DNA analysis of ancient human hair from northwest Greenland has suggested that the first Eskimos in the New World came directly from Asia, and did not descend from Native Americans as was previously believed.
According to a report in National Geographic News, the analysis also suggests that these pioneer Eskimos later died out and did not give rise to the Inuit living in Greenland today.
The research is based on DNA analysis of a clump of frozen hair from a so-called Paleo-Eskimo, which was found preserved in permafrost soil in the Disco Bay area in the 1980s in Greenland.
The hair, which belonged to a male who lived some 4,000 years ago, has provided the first ever complete mitochondrial genome for an ancient human, according to a team led by Tom Gilbert of the Center for Ancient Genetics at the University of Copenhagen, Denmark.
Mitochondrial DNA is passed down from mother to child and thus gives a genetic marker to an individual's maternal ancestry.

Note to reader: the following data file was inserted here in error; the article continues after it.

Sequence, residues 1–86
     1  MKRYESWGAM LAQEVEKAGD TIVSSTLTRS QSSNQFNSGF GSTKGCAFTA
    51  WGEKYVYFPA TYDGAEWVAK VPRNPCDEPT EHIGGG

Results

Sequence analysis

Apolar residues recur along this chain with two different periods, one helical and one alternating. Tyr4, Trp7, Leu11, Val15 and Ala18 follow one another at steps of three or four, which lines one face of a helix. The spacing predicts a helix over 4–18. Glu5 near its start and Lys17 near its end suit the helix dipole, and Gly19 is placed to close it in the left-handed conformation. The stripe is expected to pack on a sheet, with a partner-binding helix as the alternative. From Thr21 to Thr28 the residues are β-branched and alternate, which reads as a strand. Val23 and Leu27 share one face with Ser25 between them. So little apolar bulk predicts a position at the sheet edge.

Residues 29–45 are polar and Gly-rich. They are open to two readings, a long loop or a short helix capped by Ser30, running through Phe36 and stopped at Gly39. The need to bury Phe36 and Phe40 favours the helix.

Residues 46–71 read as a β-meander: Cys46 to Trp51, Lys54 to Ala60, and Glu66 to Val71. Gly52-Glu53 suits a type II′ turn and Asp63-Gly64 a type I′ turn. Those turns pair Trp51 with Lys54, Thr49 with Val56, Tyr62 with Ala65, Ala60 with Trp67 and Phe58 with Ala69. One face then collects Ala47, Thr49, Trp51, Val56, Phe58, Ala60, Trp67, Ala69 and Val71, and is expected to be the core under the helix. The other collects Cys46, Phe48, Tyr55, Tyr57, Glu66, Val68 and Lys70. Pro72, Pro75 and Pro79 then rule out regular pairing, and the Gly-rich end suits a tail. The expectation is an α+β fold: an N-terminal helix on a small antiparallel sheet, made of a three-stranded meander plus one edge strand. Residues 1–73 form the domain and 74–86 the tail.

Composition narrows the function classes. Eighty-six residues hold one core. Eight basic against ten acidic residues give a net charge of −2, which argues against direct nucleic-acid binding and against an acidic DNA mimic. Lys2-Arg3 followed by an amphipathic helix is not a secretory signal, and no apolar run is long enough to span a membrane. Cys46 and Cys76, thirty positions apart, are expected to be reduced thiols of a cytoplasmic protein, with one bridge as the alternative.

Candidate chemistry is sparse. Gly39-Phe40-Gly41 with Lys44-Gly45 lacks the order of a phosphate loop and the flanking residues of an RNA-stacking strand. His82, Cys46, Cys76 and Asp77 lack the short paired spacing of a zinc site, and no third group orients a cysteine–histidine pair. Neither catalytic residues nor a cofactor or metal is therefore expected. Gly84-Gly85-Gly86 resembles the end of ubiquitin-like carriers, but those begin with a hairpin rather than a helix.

In the ancient Greenland Eskimo's case, his hair revealed that his people came from Siberia, the study found.
"The Paleo-Eskimo's genetic relatives survive today only in small pockets in northeastern Siberia and the Aleutian Islands, which stretch across the Bering Sea from Alaska to Russia," said Gilbert.
Previously, there were two main theories to explain the ancestry of the first Eskimos in Alaska, Canada, and Greenland.
The theories held that they either descended from Native Americans who colonized North America at least 14,350 years ago, or they came from the same source area in Siberia that gave rise to modern Eskimos, such as those who have lived in Greenland for the past 1,000 years.
"Then there is a third idea that they were independent to both-and that's what it turns out to be," said Gilbert.
The new research suggests that the original Paleo-Eskimos of the New World were replaced by later colonizers, who spread eastward from Siberia.
"There would have been populations all the way from Alaska to Greenland, but then whole thing vanishes and another lot come in," said Gilbert. "A separate, new migration gave rise to the current Inuit," he added.
Gilbert and colleagues suggest that past ancient Eskimo populations succumbed to periods of climate cooling.
"Obviously, it's an extremely tough environment up there, and it may be that the environments got so harsh that the populations got smaller and smaller and collapsed," said Gilbert.